“The warning is the latest in a series of volleys involving Senate Foreign Relations Chairman John Kerry, D-Mass., and Sens. Lindsey Graham, R-S.C., and Joe Lieberman, I/D-Conn., who are holding scores of meetings this week as they prepare to draft a bill over the spring recess.

“The coastal Democrats, led by Sen. Bill Nelson of Florida, warned the three to be ‘mindful that we cannot support legislation that will mitigate one risk only to put our coasts at greater peril from another source.’”

Reuters writer Timothy Gardner reported yesterday that, “Three oil majors want U.S. senators crafting the climate bill to keep the federal government from regulating shale gas drilling methods that have made vast domestic reserves accessible but have been criticized for polluting water supplies.”

The article explained that, “‘Some of their staffers had asked the majors their views about what would be sensible in the climate bill,’ an industry source said.

In response, the companies submitted a document to the senators indicating they want states, not the federal government, to regulate hydraulic fracturing, or ‘fracking’ for natural gas, according to the source.

“The companies were ConocoPhillips, BP, and Shell Oil Co, the source said.”

Meanwhile, John M. Broder reported yesterday at The New York Times Online that, “Less than a year ago, cap and trade was the policy of choice for tackling climate change.”

“Today, the concept is in wide disrepute, with opponents effectively branding it ‘cap and tax,’ and Tea Party followers using it as a symbol of much of what they say is wrong with Washington.

“Mr. Obama dropped all mention of cap and trade from his current budget. And the sponsors of a Senate climate bill likely to be introduced in April, now that Congress is moving past health care, dare not speak its name.”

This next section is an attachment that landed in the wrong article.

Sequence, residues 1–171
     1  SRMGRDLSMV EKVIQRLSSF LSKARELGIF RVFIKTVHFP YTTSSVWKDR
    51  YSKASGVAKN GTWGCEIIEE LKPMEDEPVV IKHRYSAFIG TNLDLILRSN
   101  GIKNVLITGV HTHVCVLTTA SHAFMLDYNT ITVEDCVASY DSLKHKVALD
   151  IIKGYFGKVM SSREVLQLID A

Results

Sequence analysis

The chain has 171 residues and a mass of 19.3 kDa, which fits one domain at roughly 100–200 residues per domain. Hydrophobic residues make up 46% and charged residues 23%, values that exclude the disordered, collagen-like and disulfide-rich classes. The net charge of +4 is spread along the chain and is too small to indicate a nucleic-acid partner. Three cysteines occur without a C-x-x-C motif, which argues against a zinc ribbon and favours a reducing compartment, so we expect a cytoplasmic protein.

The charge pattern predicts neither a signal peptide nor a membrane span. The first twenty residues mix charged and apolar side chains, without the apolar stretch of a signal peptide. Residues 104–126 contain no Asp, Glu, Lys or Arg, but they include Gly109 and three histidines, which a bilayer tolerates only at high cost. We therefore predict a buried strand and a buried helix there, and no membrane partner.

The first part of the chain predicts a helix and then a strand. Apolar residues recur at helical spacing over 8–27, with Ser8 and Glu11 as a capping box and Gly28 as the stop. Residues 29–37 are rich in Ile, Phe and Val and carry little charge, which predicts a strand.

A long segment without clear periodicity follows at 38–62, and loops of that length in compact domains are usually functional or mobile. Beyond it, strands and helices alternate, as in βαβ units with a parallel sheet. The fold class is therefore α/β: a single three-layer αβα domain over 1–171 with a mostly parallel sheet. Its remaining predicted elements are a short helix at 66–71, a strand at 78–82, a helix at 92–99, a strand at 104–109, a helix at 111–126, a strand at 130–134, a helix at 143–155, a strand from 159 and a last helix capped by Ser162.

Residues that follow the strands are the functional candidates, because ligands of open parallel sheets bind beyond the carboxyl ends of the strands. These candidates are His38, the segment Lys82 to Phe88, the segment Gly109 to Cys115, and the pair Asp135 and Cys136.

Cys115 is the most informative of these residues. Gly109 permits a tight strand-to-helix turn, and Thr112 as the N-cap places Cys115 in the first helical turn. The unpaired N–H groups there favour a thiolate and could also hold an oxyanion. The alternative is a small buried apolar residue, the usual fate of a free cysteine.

The Times article noted that, “Why did cap and trade die? The short answer is that it was done in by the weak economy, the Wall Street meltdown, determined industry opposition and its own complexity.”

Congressional Reporter Lisa Lerer of Politico was on yesterday’s “Washington Journal” program (C-SPAN). She discussed the climate bill, the negotiations up to this point, and whether or not the votes are there to pass the bill. To listen to a portion of this program, just click here (MP3-3:12)- the entire program is available here.

Food Security

Bob Meyer reported yesterday at Brownfield that, “Nearly one-thousand farmers, scientists, ag ministers, civil society group members, World Food Prize Laureates and others will meet in France next week for the first Global Conference on Agricultural Research for Development (GCARD). The group has been charged by the G8 to come up with ways to structure agriculture to meet the growing world food need.

“In preparation for the conference, a report funded by the World Bank, the European Commission and a range of international organizations and development agencies has been prepared by a team of global food and agriculture experts for presentation at the meeting.